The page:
The advertising agency explained their creative process as follows:

“We were told that the members of KLM’s Lost & Found team sometimes track down passengers before they even realize they’ve lost something,” “We feel they are a bit like detectives. So to illustrate that KLM goes above and beyond for their passengers, we decided to involve a search dog.”

On one hand, you’ve got to admire their ability to get so much ink — I mean so many hits — without spending a dime.

On the other hand, should we really trust a company that’s pulling the wool, or in this case fur, over our eyes?

(Woof in Advertising is an occasional feature on ohmidog! that looks at how dogs are used in advertising. For more Woof in Advertising posts, click here.)

 

Falsie alarm: The dog who felt like a boob

As yet more proof that dogs eat the strangest things, a terrier required veterinary treatment after wolfing down one of his owner’s silicone falsies.

The incident — despite its vast pun potential — was straightforwardly reported on Dogster back in August, in a dispatch written by the veterinarian, Dr. Eric Barchas.

“Last night at the emergency hospital a nurse carried a five-year-old Terrier cross into the treatment room. She advised me matter-of-factly that the dog had consumed a fake breast three hours earlier.”

Silicone_gel-filled_breast_implantsBarchas determined that the fake breast, while not toxic, would ultimately lodge in the dog’s intestines — the dog being only 15 pounds and the breast being a size B.

With only three hours having passed since ingestion, the vet decided to try to make the dog vomit. The clients authorized the procedure — and the vet forced the dog to vomit with an intravenous injection of a drug called apomorphine.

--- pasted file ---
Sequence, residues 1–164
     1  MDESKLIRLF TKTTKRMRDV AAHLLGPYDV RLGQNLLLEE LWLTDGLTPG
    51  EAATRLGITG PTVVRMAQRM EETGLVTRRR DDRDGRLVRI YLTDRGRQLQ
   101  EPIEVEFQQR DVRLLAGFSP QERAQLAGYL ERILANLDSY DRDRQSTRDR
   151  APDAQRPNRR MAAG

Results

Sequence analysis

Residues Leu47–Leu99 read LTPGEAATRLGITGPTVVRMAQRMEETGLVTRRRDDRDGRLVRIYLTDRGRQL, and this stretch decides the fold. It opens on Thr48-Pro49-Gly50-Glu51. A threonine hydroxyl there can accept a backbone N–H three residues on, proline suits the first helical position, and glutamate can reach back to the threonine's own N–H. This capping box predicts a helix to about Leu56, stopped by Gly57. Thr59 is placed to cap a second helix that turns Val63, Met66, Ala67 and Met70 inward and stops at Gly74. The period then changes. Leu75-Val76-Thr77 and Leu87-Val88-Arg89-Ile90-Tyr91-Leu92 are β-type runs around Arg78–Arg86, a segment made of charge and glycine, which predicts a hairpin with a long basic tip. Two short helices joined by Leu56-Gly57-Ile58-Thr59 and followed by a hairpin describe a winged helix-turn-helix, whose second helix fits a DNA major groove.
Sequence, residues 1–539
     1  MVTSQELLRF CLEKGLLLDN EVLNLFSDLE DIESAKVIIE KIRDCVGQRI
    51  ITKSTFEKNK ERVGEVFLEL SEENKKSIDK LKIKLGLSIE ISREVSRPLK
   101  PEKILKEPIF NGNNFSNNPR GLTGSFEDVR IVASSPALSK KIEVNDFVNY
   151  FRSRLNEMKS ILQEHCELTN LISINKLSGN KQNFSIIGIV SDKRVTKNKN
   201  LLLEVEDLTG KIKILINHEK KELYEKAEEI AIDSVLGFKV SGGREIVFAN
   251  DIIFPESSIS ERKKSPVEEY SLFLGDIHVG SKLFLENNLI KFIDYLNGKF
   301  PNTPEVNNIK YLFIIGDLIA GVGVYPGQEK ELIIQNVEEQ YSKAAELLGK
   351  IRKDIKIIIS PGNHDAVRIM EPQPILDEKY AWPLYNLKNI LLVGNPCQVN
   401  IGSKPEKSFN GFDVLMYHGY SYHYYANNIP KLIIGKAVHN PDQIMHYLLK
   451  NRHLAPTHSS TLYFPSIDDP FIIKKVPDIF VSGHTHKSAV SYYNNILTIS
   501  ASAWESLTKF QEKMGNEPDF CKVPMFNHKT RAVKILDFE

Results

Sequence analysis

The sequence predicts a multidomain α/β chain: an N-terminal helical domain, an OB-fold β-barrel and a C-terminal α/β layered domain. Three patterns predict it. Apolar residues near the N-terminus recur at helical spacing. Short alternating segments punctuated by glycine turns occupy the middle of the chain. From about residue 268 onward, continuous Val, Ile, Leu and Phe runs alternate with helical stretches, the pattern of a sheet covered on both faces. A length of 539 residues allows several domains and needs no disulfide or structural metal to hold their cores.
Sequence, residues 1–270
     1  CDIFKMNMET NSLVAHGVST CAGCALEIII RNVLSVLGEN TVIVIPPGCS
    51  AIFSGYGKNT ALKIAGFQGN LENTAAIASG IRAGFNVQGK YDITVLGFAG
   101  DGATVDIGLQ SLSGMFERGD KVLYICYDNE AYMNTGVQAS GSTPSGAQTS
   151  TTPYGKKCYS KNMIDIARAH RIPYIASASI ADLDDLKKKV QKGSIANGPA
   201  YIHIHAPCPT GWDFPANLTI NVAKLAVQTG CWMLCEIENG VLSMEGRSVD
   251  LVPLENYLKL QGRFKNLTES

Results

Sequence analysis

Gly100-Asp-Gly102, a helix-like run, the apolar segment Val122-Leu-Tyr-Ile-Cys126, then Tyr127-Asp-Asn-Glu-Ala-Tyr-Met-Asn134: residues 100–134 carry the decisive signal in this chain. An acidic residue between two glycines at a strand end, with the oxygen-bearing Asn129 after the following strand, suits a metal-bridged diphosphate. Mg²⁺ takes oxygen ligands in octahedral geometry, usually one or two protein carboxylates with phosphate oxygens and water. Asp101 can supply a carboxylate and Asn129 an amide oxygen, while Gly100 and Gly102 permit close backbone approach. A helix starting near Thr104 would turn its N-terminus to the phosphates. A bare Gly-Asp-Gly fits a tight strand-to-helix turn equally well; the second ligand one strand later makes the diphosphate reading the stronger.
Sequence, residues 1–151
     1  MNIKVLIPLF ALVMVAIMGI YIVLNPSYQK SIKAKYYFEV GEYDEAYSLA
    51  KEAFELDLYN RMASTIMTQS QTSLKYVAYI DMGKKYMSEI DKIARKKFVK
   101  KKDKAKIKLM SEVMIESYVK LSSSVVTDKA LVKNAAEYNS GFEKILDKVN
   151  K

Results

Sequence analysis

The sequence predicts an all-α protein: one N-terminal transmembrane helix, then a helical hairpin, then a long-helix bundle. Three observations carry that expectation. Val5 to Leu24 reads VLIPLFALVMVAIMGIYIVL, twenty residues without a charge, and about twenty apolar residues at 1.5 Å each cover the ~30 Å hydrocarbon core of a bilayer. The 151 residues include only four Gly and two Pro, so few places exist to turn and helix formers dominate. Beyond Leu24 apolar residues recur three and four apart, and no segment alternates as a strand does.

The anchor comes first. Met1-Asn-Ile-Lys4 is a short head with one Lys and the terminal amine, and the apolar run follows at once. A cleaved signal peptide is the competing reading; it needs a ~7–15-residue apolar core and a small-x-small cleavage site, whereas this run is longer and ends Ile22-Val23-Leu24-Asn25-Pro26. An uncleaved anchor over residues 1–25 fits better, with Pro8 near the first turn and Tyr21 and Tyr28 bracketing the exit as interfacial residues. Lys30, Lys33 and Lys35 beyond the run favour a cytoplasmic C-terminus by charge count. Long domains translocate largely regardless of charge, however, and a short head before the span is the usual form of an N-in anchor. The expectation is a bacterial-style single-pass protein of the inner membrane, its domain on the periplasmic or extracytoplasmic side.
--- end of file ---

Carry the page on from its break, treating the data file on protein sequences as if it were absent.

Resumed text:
“The dog vomited copious dog food, a moderate amount of grass, several small twigs, an ear plug, some yarn, and a fake breast, size B,” Barchas wrote. Forty-five minutes later the dog was ready to go home. Barchas didn’t mention how much he billed the family, apparently heeding the Biblical advice:

“Beware of falsie profits.”

Statue of imitations: Inspectors cite fake dogs

fiberglassdogsA woman in Australia who received a $200 citation for unregistered dogs thinks the inspectors who cited her may have been barking up the wrong tree.

The two dogs in Mishka Gamble’s front yard are fiberglass.

Gamble does have a dog, a 15-year old shih-tzu who rarely goes outside, and then only uses the backyard. She thinks the inspectors mistook her fiberglass dogs — a Staffordshire terrier and a blue heeler — for the real thing.

Gamble told The Cairns Post she was shocked when she received a notice saying she had seven days to pay $200 for the registration of two dogs. “I certainly don’t have two dogs,” she said.

“I’ve got a fiberglass pig and sheep. Do I need to register them too?”

Earlier this month, the Cairns Regional Council came under fire for its dog audit after issuing 61 advisory notices to homes that, it turned out, didn’t have dogs. One resident was given a notice for having a cat bowl in the yard.

Gamble said she had since registered her “real” dog.

(Photo from The Cairns Post/CHRIS HYDE)